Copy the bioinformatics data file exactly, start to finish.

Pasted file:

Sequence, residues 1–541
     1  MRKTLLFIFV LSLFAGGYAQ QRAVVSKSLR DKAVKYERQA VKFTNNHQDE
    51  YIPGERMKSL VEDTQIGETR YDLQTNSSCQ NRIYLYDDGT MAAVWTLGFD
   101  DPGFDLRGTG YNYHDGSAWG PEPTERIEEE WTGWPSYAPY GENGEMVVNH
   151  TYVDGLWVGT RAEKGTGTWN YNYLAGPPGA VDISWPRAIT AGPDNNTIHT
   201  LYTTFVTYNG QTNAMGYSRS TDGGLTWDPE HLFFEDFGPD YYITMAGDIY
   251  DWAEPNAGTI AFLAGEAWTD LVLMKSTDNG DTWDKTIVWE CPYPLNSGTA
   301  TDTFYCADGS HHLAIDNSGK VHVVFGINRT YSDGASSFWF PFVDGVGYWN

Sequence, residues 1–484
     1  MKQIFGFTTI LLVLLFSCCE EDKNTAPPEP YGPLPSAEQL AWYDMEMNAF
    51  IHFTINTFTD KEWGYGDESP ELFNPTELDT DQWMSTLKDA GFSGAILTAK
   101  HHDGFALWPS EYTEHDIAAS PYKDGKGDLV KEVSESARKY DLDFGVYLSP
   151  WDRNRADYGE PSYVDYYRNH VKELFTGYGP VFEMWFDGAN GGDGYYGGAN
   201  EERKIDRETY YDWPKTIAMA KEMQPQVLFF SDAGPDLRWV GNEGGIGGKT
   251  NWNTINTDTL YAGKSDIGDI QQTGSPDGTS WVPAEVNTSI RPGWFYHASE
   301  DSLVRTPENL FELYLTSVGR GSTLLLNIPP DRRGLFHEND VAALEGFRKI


Sequence, residues 1–541
     1  MRKTLLFIFV LSLFAGGYAQ QRAVVSKSLR DKAVKYERQA VKFTNNHQDE
    51  YIPGERMKSL VEDTQIGETR YDLQTNSSCQ NRIYLYDDGT MAAVWTLGFD
   101  DPGFDLRGTG YNYHDGSAWG PEPTERIEEE WTGWPSYAPY GENGEMVVNH
   151  TYVDGLWVGT RAEKGTGTWN YNYLAGPPGA VDISWPRAIT AGPDNNTIHT
   201  LYTTFVTYNG QTNAMGYSRS TDGGLTWDPE HLFFEDFGPD YYITMAGDIY
   251  DWAEPNAGTI AFLAGEAWTD LVLMKSTDNG DTWDKTIVWE CPYPLNSGTA
   301  TDTFYCADGS HHLAIDNSGK VHVVFGINRT YSDGASSFWF PFVDGVGYWN

Sequence, residues 1–484
     1  MKQIFGFTTI LLVLLFSCCE EDKNTAPPEP YGPLPSAEQL AWYDMEMNAF
    51  IHFTINTFTD KEWGYGDESP ELFNPTELDT DQWMSTLKDA GFSGAILTAK
   101  HHDGFALWPS EYTEHDIAAS PYKDGKGDLV KEVSESARKY DLDFGVYLSP
   151  WDRNRADYGE PSYVDYYRNH VKELFTGYGP VFEMWFDGAN GGDGYYGGAN
   201  EERKIDRETY YDWPKTIAMA KEMQPQVLFF SDAGPDLRWV GNEGGIGGKT
   251  NWNTINTDTL YAGKSDIGDI QQTGSPDGTS WVPAEVNTSI RPGWFYHASE
   301  DSLVRTPENL FELYLTSVGR GSTLLLNIPP DRRGLFHEND VAALEGFRKI